“Come, Dr. Oppenheimer,” said Dr. Bainbridge to his old friend and colleague, “I must have you mingle. I hate to see you standing about by yourself in this stupid manner.”
“I most certainly shall not. I still need to adjust the Geiger counter. Dr. Kistiakowsky fiddled with it earlier, but you know how much I detest when mediocre, merely tolerable intellects dilute the efforts of great minds such as yours and mine. You had better return to Mr. Groves and enjoy his political ramblings &c., for you are wasting your time with me.”
Dr. Bainbridge knew better than to force Dr. Oppenheimer into any unwanted sociality and left him to himself. He, and everybody else present in the large bomb shelter in the middle of the Mojave Desert, knew that the responsibility for their endeavor rested firmly and completely on the shoulders of Dr. J. Robert Oppenheimer, director of the Trinity project, a tall, good-looking, well-groomed, highly intelligent, if somewhat impatient man, who was aiming to open Pandora’s box and unleash powers heretofore unknown to mankind, and was thus presently not all too amenable to a chatting with General Groves.
The scene inside the shelter resembled a well-choreographed bourée*: two dozen academic doctors, their assistants, and a party of military observers busily moving about, adjusting their batteries of scientific instruments, radios and binoculars, finishing the last preparations for the blast, result of three years of secret planning and development.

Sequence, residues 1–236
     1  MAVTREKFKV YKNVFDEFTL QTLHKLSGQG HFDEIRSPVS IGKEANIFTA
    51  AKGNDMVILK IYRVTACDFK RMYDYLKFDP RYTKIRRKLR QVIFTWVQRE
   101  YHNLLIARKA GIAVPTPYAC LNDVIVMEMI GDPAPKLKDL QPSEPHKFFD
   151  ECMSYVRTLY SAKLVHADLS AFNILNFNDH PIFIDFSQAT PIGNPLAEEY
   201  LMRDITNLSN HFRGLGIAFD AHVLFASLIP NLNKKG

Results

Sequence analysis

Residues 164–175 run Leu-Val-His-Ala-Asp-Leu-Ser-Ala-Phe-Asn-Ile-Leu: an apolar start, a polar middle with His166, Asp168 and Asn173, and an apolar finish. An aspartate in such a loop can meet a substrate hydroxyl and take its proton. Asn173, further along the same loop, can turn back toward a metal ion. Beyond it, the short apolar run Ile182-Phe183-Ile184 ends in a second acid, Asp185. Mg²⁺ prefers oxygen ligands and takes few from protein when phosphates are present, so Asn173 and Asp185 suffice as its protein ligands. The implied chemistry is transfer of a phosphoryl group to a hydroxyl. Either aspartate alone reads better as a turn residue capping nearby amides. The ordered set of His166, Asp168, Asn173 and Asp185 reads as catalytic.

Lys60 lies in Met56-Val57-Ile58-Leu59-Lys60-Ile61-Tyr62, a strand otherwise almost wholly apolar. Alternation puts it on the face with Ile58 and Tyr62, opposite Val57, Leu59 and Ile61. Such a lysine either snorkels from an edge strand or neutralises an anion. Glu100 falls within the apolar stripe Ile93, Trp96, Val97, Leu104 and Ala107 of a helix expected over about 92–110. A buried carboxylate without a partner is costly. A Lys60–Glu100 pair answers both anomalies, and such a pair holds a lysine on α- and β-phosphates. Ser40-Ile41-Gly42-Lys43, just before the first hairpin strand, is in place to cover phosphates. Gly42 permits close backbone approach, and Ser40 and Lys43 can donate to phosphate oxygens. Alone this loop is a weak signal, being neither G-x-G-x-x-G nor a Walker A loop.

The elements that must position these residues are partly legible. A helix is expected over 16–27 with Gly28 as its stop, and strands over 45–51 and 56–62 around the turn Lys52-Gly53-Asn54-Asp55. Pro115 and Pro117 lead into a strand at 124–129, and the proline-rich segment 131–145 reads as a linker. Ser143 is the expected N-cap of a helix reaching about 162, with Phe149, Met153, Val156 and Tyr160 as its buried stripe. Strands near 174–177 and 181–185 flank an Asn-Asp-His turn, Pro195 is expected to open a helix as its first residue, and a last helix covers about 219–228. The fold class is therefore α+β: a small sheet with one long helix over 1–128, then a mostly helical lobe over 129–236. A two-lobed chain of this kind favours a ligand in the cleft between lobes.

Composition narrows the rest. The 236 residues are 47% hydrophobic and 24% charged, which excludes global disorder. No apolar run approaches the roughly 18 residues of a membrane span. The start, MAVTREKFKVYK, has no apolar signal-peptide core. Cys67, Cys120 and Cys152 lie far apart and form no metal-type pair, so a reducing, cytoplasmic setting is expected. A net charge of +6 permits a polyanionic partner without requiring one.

Finally the time for the main business of the afternoon approached. As radio broadcasts began counting the interval, Dr. Oppenheimer stared out the window, his gaze fixed on the horizon, his expression hardened, wondering whether the explosion would actually ignite the atmosphere and set the whole planet on fire, an outcome he considered highly undesirable, as potentially damaging to his academic reputation. As a burst of light was followed by roaring thunder, but by no atmospheric ignition whatsoever, his face relaxed into an expression of tremendous relief. “Now I am become Death, the destroyer of worlds,” he murmured, rather pleased with himself, while around him several of the observers were knocked flat by the blast. Indeed, the afternoon altogether passed pleasantly for the whole research assembly.
Later that day, Dr. Oppenheimer returned in good spirits to the mansion he inhabited with his wife Kitty. “Oh my dear Kitty,” he exclaimed as he entered the kitchen, “we have had a most delightful afternoon. The whole country was lighted by a searing brightness with the intensity many times that of the midday sun. It was golden, purple, violet, gray, and blue. It lighted every peak, crevasse and ridge of the nearby mountain range with a clarity and beauty that cannot be described but must be seen to be imagined. You should have come, my beloved.”
*French country dance, danced in quick double time, somewhat resembling the gavotte
A postdoc at NYU from 2009-2011, Tobias Brosch is now an assistant professor at the University of Geneva, where he directs the Consumer Decision and Sustainable Behavior Lab. Tobias is interested in understanding how emotions and values help us understand our complex environment and influence our choices.